Last weekend, my tripod was stolen. Well, passively stolen. But stolen none the less. I was coming back from a portrait session for a client and waiting for the U-Bahn, when I absentmindedly left my tripod on a public bench and got onto the U-Bahn only to realize a few seconds later after taking a seat that my tripod was nowhere in sight.
How could something like this have happened? Well as I was leaving the shoot and walking towards the U-Bahn station, I stopped to take a look at a curious selection of books resting on a singular office chair. This is a pretty typical occurrence here in Berlin – instead of throwing away your old bits and bobs, you simply box them, and put them on the street with a note reading: “Zu Verschenken” – to give away. One book had struck my interest in particular. In fact, I glanced over the books, took 3 steps away telling myself that I didn’t really need anything and then promptly turned around and snatched the book up, because it sounded too damned good to pass up.
Once in the station, I thought that it would be smart to leave my hands free and pack my new book inside my backpack. I unslung my tripod bag (with tripod inside) from my shoulder, set it down, and proceeded to pack the book inside my bag. And what would you know? The train came, I got on, and my tripod was sitting there all by it’s lonely self wondering why I had left it there and why it was no longer needed. Okay, so it probably didn’t wonder all of these things, mainly due to the fact that it’s not a sentient being, but I that’s how I imagine the situation to have been like, were my tripod to be a person.
I promptly got off at the next stop and waited the agonising 4 minutes for the train in the other direction, hopped off the train, dashed up the stairs, and over to the other platform all the while trying to think positively as if some bullshit like “The Secret” actually did make logical sense and if I would just will it to still bet there it would be. No such luck of course.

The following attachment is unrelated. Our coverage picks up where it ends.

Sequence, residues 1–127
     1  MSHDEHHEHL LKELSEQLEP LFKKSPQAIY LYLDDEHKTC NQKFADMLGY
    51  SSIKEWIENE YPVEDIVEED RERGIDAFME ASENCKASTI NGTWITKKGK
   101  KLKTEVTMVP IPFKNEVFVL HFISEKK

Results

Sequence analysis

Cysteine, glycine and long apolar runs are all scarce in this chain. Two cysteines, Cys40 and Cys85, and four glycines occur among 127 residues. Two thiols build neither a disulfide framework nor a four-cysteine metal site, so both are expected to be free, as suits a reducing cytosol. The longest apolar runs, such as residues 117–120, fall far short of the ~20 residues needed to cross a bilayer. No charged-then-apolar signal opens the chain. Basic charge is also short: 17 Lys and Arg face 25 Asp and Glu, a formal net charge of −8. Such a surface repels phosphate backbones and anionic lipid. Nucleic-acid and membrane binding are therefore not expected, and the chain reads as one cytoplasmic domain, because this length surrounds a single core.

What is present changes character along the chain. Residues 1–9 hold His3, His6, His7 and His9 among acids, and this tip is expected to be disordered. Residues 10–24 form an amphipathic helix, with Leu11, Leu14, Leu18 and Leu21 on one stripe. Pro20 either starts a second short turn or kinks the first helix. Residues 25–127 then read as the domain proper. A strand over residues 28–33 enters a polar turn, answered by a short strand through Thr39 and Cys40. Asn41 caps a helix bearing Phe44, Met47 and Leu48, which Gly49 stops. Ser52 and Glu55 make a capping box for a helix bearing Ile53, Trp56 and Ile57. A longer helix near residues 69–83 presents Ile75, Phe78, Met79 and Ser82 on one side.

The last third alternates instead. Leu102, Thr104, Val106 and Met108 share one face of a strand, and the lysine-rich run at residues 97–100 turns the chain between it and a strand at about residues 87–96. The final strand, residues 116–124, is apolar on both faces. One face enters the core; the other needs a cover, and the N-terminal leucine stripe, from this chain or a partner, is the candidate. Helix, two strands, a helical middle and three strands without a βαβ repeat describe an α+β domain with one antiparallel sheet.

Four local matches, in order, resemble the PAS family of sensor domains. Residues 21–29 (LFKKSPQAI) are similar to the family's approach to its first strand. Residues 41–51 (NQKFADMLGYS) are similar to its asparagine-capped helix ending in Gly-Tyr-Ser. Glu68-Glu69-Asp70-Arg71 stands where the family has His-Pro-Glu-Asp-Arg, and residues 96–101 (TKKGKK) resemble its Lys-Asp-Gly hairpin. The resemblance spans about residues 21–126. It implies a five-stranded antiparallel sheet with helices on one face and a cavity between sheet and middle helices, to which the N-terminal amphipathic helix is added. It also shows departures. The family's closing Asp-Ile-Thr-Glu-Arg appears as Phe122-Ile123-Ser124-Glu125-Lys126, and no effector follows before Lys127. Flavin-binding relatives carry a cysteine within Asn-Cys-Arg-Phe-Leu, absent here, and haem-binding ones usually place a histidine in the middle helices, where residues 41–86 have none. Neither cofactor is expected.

The craziest thing though, was that just under an hour later, I literally saw my tripod, now unpacked, being carried away by a homeless man running through another station on the same train line as the station where I had initially forgotten it. I stood there incredulously, my mouth hanging open for a good few seconds, not sure whether the man that I saw had coincidentally been running with a tripod and no other camera equipment or bags in sight or if the tripod he was holding was indeed mine.
I kind of wavered between confronting him and not doing anything, fearing that if he was just a man with his own tripod, I would come across as accusatory and just a little bit crazy, and tackling the mother fucker and beating senseless him with my tripod (ok not really). I ran after him, and up the steps to the above station tracks, only he was no where in sight, already having disappeared back down another set of stairs.
At first I was super pissed, as is evidenced by the angry facebook post I promptly uploaded to Facebook that went something like this: To the dickbag who stole my €60 tripod, fuck you very much. But then I was more sad than anything. I’m not excusing the man who stole my tripod’s behavior entirely, and 60 euros is a lot of money for me these days, but it got me thinking that this man could have fallen through the cracks of the social system and that if he was receiving the help he clearly needed, he might not have to resort to stealing. And if he was not stealing for the money, he might have been doing it because he wasn’t completely coherent due to alcohol, drugs, or a mental disorder.
To be honest, although I can say with certainty that the social system in Germany is decades ahead of any social system set in place in the US, I am still not extremely well versed on the specifics. And although Germans say that those who need help can get it in this country, and thus are responsible for their own lives, this is not the case if you are a drug addict. I am also sure that there are many other cases of people, eligible or not who are being failed by the system. While I am less than thrilled about having to shell out another 60 euros for a tripod (69,90 to be exact, actually), I am happy that I have a roof over my head and food in my belly. Even if it might consist of 20% ramen noodles for a bit while I save up some money for travel and the loss of my dearly departed tripod.
Photography: Johannes Husen